How long can truckers be on the road (and why does it matter)?

| Mar 6, 2020 | Truck accidents |

When we are driving, we typically don’t worry about how well the people around us slept last night or how long they’ve been behind the wheel. And in most cases, those details do not matter or affect us. However, when the driver is operating a massive commercial truck, those details can be detrimental to our safety.

Driving a semi-truck takes special skills and training. It requires separate licenses, and drivers must pass a physical. Drivers must also comply with trucking-specific regulations, including Hours of Service regulations. These regulations restrict how long a driver can be behind the wheel to prevent fatigued driving, and there are important reasons why these are in place.

Fatigue and driver safety

Sleepy drivers can be very dangerous on the road. Their reflexes can be slower; they may not be thinking clearly; they can lose focus. Under such conditions, a driver can be incapable of operating a vehicle safely – particularly if the vehicle is a large commercial truck.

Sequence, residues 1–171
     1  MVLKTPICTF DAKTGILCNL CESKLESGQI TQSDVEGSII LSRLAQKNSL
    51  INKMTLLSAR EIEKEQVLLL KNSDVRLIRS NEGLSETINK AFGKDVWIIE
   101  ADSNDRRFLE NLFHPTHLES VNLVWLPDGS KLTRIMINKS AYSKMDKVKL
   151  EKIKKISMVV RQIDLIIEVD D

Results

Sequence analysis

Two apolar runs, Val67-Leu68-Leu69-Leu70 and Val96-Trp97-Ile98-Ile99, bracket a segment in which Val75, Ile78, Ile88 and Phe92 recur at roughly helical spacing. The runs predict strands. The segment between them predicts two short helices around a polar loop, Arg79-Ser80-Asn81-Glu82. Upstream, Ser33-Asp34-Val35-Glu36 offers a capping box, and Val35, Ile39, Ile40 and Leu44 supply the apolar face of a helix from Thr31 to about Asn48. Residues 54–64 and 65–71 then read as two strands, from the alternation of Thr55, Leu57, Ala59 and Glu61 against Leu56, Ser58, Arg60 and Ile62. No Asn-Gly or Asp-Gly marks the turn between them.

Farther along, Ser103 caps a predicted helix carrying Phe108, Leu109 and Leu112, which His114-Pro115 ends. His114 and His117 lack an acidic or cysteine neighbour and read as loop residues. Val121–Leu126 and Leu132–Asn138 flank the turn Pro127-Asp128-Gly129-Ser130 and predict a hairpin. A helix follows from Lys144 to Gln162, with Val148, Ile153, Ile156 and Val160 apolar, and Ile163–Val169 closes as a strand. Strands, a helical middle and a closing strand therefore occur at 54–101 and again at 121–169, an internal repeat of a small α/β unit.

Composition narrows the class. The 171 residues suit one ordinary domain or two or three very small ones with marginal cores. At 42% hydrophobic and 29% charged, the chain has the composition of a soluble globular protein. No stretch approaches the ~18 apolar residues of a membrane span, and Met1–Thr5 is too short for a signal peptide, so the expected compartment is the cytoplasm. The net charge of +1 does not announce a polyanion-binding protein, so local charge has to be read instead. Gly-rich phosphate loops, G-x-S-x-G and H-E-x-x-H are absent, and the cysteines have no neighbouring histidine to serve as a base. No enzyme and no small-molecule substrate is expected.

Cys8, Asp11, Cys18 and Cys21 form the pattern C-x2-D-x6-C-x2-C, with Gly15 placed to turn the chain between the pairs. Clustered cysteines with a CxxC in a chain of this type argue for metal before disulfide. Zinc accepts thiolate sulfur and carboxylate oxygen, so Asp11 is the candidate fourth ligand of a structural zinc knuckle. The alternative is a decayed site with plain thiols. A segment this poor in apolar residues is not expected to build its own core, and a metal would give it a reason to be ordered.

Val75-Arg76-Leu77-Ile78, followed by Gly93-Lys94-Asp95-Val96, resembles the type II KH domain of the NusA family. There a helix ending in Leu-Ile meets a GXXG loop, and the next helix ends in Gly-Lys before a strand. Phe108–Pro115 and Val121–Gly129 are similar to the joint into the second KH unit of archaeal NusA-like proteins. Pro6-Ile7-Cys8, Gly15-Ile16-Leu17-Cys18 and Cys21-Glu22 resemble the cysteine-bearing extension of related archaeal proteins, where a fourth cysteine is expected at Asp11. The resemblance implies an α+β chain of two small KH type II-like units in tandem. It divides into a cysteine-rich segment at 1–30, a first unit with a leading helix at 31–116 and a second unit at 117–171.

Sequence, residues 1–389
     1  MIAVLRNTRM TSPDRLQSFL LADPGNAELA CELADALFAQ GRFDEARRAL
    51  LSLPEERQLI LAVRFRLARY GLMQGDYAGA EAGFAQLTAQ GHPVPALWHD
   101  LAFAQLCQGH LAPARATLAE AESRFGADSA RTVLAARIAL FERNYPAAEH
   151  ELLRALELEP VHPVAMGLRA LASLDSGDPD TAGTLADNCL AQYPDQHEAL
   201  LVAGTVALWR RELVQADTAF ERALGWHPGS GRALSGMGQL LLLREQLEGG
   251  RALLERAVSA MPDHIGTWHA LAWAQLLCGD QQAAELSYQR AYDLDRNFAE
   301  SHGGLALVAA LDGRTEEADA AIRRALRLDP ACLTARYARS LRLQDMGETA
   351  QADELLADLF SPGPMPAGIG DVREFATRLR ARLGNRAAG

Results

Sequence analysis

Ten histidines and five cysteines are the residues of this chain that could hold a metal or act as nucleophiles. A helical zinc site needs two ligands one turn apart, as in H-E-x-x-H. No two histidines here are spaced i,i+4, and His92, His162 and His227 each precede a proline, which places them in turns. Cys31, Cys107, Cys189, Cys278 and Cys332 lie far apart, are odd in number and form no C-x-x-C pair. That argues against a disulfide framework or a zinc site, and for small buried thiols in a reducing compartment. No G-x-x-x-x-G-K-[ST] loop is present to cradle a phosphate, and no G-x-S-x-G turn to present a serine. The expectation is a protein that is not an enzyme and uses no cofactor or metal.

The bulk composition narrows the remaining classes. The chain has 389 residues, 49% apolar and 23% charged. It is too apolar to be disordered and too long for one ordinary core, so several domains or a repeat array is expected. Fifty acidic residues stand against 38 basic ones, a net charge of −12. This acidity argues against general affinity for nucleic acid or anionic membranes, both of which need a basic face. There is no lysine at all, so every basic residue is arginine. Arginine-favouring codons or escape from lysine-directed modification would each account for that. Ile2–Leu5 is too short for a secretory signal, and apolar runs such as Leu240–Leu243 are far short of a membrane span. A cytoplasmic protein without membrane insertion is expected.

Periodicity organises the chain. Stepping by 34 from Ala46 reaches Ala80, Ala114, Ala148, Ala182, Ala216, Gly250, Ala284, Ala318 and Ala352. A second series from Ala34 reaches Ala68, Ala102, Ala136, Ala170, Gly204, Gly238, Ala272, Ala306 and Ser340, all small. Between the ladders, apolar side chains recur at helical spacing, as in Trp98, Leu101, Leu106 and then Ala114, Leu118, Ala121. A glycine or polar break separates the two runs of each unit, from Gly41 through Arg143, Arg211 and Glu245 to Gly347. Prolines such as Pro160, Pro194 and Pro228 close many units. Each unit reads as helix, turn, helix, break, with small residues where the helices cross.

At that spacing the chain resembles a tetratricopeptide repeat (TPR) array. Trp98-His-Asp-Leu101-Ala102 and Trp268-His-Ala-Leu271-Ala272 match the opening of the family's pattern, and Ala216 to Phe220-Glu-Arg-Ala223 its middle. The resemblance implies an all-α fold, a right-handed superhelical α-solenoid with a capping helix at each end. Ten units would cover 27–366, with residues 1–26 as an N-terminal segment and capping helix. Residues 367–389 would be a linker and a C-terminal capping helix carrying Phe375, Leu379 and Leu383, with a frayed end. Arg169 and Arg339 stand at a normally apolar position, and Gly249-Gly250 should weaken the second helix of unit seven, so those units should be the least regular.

Unfortunately, truckers may be especially motivated to drive when they are too tired to do so safely. They have deadlines to meet, and there is a financial incentive for drivers to get their routes completed as quickly as possible.

As such, drivers can be on the road for longer than they should be. Some even use drugs or alcohol to try and stay alert.

Tracking driving times

The Hours of Service regulations are in place to minimize this risk of fatigued driving. The exact rules depend on the type of truck and cargo, and the final rules for hours of service are still pending. But the regulations set limits on the number of consecutive hours a trucker can be on the job, and they dictate when and for how long drivers must rest.

Drivers must track their time using logbooks. However, there have been cases of drivers or trucking companies falsifying these records. Too often, logbook violations are only discovered after a catastrophic crash involving a trucker who was tired or fell asleep.

Because of this, it is crucial to examine a trucker’s driving history and logbooks after an accident involving a truck. In cases where the driver was fatigued, or the trucking company failed to enforce HOS regulations, legal remedies may be available to victims.